Thursday, December 26, 2013

shadow of doubt - 1935

shadow of doubt
from a story by arthur somers roche

not to be confused with the much more popular hitchcock film, shadow of a doubt, which came along eight years later, shadow of doubt rolled out during the heyday of comic mystery cinema, in 1935. i've become a big fan of these movies but i didn't even realize that this one fell into that category until i started watching.

even then i didn't realize that this was a comic mystery, given that it gets off to a rather slow start. fortunately, i wasn't in a particularly impatient mood on this particular day and so i stuck with it and it wasn't long before things began to pick up considerably.

shadow of doubt stars ricardo cortez as sim sturdevant and viriginia bruce as his main squeeze, actress trenna plaice. it's not too far along into the proceedings before they've both become suspects - along with a few others - in the murder of a thoroughly unlikable playboy type, movie producer len haworth. before long sim's wealthy old aunt melissa decides she's going to leave her home for the first time in about a quarter of a century and get to the bottom of the mess.

which is where things really start to pick up. early on, aunt melissa is a rather formidable presence but nothing to write home about. when she slips in private detective mode things turn decidedly zany and the patient viewer is rewarded for toughing it out through the early bits.

the obvious comparison here is to edna may oliver, the best of the three actresses who played hildegarde withers in the various adaptations of stuart palmer's fiction. aunt melissa obviously has a bit more of a nest egg than palmer's withers, a schoolteacher, but they are both sturdy women of a certain age who are not particularly inclined to put up with any crap from anyone. i kept waiting for aunt melissa to lash out and belt someone with the cane she carries everywhere, but as to whether she actually does, you'll have to see for yourself.

cortez also turns in a great performance and there are outstanding supporting roles from regis toomey as a gossip columnist and ivan f. simpson as aunt melissa's long-suffering and always deadpan butler (who's racked up a debt of $78,000 playing cards with her over the course of the decades).

as for the plot, it's serviceable enough, but nothing special, as is so often the case with these flicks. which is to be expected and it really doesn't detract from the film's overall greatness. i'd rank shadow of doubt right up there with the best of the palmer movies, the thin man series and any of the others of those great comic mysteries of yesteryear. don't miss it.

here's a rather entertaining contemporary review from the new york times.

Saturday, December 21, 2013

miss pinkerton - 1932

miss pinkerton
from a story by mary roberts rinehart

in a career that spanned about a half century, mary roberts rinehart wrote a number of popular mysteries, among other things. included in her mystery output were five books that chronicled the adventures of nurse and amateur detective, hilda adams. the first of these, the buckled bag, appeared in 1914 and the last, the secret, in 1950. among the others was miss pinkerton, which was published and adapted for the big screen in 1932.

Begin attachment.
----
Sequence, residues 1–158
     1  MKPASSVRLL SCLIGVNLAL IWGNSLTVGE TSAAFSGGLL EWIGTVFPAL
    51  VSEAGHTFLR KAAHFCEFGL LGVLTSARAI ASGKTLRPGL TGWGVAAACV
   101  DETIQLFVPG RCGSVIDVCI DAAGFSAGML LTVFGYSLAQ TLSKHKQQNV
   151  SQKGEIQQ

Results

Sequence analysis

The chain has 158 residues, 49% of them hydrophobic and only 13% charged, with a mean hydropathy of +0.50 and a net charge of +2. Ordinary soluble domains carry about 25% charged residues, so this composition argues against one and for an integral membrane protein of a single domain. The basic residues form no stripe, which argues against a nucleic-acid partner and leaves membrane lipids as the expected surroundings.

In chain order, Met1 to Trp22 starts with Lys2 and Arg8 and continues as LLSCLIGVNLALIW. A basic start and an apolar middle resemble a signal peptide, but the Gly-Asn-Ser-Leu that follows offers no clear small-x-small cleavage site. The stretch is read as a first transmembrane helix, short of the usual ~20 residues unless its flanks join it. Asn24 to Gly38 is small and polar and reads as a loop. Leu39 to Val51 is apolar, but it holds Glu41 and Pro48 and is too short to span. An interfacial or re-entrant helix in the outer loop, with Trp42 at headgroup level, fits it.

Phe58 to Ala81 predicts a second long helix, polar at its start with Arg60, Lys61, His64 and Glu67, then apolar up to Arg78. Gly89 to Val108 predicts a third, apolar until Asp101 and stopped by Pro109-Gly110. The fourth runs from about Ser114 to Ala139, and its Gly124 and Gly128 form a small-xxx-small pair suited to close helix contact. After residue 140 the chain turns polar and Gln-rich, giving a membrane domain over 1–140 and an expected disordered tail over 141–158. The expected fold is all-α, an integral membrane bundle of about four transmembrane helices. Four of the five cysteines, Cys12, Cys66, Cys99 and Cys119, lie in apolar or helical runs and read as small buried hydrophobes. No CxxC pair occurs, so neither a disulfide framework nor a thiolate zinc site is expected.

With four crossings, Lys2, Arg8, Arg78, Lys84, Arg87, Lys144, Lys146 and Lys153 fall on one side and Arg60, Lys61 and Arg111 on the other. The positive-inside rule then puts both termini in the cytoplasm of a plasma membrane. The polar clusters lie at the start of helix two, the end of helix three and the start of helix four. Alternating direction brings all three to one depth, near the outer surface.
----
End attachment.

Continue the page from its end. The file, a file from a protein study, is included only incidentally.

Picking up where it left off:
if you like your mystery with a good dose of "old dark house" mixed in for effect then be sure to add this one to your must see list. most of the action takes place at a gloomy old dump whose owner's nephew has just shot himself - or so it would seem. said owner is so distraught that a nurse (guess who?) is called in to help take care of her. she, in turn, is pressed into service by the police to help them gather evidence.

it's joan blondell, as adams, and george brent, as inspector patten, who keep things moving along here. the tone is light and upbeat, in spite of the gloomy surroundings and the grumpy old butler and cook, who spend most of the movie moping around and looking severe. the interaction between adams and patten was quite lively and i couldn't help being reminded of stuart palmer's hildegarde withers and oscar piper, another fictional/celluloid crime-solving duo from this era - though rinehart's characters are considerably younger.

as for the plot, well, it's nothing to knock your socks off, but it's passable. overall, i found it quite watchable and a great example of the light comic mystery movies that seemed to be all the rage in the thirties and forties.

this contemporary new york times reviewer though the story was a bit old-fashioned, even back then. which is a fair enough criticism. here's a decent overview of hilda adams, if you need to know more. apparently miss pinkerton was remade, for whatever reason, as the nurse's secret, just nine years later. here's the imdb entry.

Sunday, December 15, 2013

secrets of the manor house

secrets of the manor house
produced by pioneer productions
aired on pbs